01 Apr, 2020

Project Outline

The Old Saltleians Rugby Club grounds were compulsory purchased by HS2. Following a detailed selection process, reviewing potential relocation sites, completed by the club, RammSanderson were asked to advise on and carryout any necessary ecological surveys of their preferred site. The site was located off Coleshill Road, Water Orton at the southern end of Gypsy Lane and comprised of former arable land, now left to fallow and a pond.

RammSanderson Approach

RammSanderson liaised with the club and their land agents Bruton Knowles in the first instance. As the project developed, we became a regular member at design team meetings and subsequent discussed the proposals with local planning authority and archaeologists. After carrying out the initial Extended Phase 1 Survey and a Habitat Suitability Index (HSI) assessment on the ponds within 500m of the site, it was recommended that a suite of newt surveys was necessary. Surveyors carried out six nights of bottle trapping, torch light survey, egg search and refuge search of these ponds and were able to confirm the presence of a medium sized GCN population. Reptile surveys were also carried out due to the suitability of the habitat but none were found during surveys.

A selection of mature trees onsite also provided potential for roosting bats and therefore, further bat surveys were also recommended and completed. These surveys resulted in the confirmation of several transient pipistrelle bat roosts using the trees on site.


RammSanderson used the Natural England discretionary advice service before submitting an application for a Natural England GCN licence, upon receipt of full planning approval. Once granted, works on the receptor site began. Vegetation clearance outside of breeding bird season was carried out to enable access inside the receptor area and make it more suitable for GCN. Works also focused on an area of dense vegetation, to allow the successful installation of GCN exclusion fence. Three new ponds and a variety of hibernacula habitat were created, along with enhancements to the grassland habitats and planting of new trees and hedgerows. The whole site was split into 12 compartments using, Temporary Amphibian Fencing (TAF), with approximately 500 pitfall traps located along the TAF.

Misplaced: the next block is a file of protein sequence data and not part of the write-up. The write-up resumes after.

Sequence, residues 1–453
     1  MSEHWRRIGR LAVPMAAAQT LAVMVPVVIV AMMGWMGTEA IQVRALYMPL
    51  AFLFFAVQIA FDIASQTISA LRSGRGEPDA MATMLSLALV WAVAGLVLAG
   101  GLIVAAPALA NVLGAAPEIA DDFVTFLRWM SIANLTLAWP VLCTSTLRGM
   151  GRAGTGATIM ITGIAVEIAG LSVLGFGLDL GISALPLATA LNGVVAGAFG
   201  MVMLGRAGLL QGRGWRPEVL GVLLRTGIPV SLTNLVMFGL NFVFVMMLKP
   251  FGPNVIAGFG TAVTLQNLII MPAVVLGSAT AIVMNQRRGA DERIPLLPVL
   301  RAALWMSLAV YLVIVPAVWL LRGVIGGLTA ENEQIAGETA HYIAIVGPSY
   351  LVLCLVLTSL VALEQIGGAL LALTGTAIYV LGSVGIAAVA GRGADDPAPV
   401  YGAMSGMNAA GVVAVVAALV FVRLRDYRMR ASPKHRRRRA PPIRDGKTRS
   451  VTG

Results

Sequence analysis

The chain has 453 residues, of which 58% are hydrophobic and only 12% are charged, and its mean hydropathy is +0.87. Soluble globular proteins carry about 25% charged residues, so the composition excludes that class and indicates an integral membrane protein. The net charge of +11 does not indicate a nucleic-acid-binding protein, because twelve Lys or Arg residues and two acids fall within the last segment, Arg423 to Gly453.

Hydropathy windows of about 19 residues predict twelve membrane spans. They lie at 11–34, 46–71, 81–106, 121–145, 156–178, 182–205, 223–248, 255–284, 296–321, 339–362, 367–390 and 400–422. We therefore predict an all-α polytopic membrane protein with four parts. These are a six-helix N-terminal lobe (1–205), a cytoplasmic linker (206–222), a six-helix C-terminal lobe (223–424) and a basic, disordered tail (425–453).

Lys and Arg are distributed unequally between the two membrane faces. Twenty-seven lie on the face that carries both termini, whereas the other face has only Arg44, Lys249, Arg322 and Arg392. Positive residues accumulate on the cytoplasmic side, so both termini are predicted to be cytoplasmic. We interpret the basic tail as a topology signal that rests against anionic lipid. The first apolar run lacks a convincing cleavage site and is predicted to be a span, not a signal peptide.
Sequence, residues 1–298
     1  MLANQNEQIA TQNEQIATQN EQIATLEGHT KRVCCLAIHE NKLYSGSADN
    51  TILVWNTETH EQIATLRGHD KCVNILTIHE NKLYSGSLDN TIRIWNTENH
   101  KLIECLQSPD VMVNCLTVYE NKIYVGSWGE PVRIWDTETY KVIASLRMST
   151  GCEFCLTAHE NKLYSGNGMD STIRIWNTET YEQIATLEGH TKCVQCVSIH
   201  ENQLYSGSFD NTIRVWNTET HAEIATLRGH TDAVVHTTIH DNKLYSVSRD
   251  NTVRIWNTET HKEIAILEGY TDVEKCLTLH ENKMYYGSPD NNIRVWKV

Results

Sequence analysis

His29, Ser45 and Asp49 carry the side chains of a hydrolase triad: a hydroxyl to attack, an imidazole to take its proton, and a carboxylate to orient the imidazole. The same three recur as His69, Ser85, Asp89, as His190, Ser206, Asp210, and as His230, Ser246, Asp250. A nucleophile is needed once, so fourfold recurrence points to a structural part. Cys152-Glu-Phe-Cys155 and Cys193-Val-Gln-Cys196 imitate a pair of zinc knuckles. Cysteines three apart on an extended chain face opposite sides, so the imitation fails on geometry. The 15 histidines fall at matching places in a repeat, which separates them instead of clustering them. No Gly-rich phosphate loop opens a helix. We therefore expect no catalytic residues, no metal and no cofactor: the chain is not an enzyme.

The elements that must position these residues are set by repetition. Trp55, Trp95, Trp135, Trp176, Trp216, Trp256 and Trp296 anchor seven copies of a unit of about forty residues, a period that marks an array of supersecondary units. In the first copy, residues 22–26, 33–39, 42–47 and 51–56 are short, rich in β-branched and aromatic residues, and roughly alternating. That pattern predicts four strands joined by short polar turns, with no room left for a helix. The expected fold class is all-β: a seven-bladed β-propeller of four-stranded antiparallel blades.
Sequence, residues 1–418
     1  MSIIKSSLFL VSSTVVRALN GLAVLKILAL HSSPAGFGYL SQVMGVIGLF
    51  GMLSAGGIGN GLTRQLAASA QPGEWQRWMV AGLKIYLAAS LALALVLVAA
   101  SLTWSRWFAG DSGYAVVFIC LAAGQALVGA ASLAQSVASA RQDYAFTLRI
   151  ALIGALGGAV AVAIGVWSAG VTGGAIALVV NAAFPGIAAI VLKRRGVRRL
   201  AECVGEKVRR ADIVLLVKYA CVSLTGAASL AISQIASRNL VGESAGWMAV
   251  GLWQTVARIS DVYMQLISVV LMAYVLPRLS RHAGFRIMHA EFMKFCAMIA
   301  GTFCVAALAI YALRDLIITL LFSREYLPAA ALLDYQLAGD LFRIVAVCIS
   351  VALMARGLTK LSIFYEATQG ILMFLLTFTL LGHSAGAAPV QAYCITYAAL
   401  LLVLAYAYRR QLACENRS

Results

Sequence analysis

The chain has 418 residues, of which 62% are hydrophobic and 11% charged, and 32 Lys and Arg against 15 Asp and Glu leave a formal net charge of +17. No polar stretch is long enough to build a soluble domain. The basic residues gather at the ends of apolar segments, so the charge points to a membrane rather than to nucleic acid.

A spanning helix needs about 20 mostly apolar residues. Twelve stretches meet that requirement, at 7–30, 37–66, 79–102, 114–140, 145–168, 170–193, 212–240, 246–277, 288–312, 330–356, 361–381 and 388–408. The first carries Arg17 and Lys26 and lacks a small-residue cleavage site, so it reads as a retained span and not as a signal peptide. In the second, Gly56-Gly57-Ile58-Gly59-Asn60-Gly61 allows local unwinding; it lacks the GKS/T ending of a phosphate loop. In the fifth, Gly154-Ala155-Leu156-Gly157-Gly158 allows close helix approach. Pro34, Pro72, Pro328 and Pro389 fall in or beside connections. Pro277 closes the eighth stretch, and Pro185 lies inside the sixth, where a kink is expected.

Once the receptor site was in a suitable condition and the pitfall traps were in place, RammSanderson surveyors completed a 60 day translocation (which was extended to 80 days as a result of continued capture of GCN); moving 88 GCN, 71 smooth newts, 171 frogs and 41 toads to the receptor site. Only once we had 5 days clear of not capturing GCN were they allowed to close the pitfall traps. Alongside the pitfall traps, the surveyors used bottle traps for 10 nights within a pond ultimately being lost to facilitate the development. To offset the loss of this known breeding pond, RammSanderson had previously designed and constructed three new ponds as compensation, within the designated receptor area. The approach to licencing and specifically the receptor area was noval given the semi-permanent enclosure of the GCN population for a prolonged period. This approach was granted by Natural England after detailed discussion, specific approaches to design/habitat creation and integration with the neighbouring HS2 licence works.

We are in regular contact with HS2 for their interactions with the site and will shortly be beginning a monitoring programme for five years to monitor the success and longevity of the GCN population within the receptor site.

The mature trees shown to contain bat roosts within the receptor area were retained and protected from the construction works. A single roost within the centre of the site was lost to facilitate construction. These works were completed following approval of a Natural England bat licence application with artificial roosting habitat installed within the site as compensation and enhancement.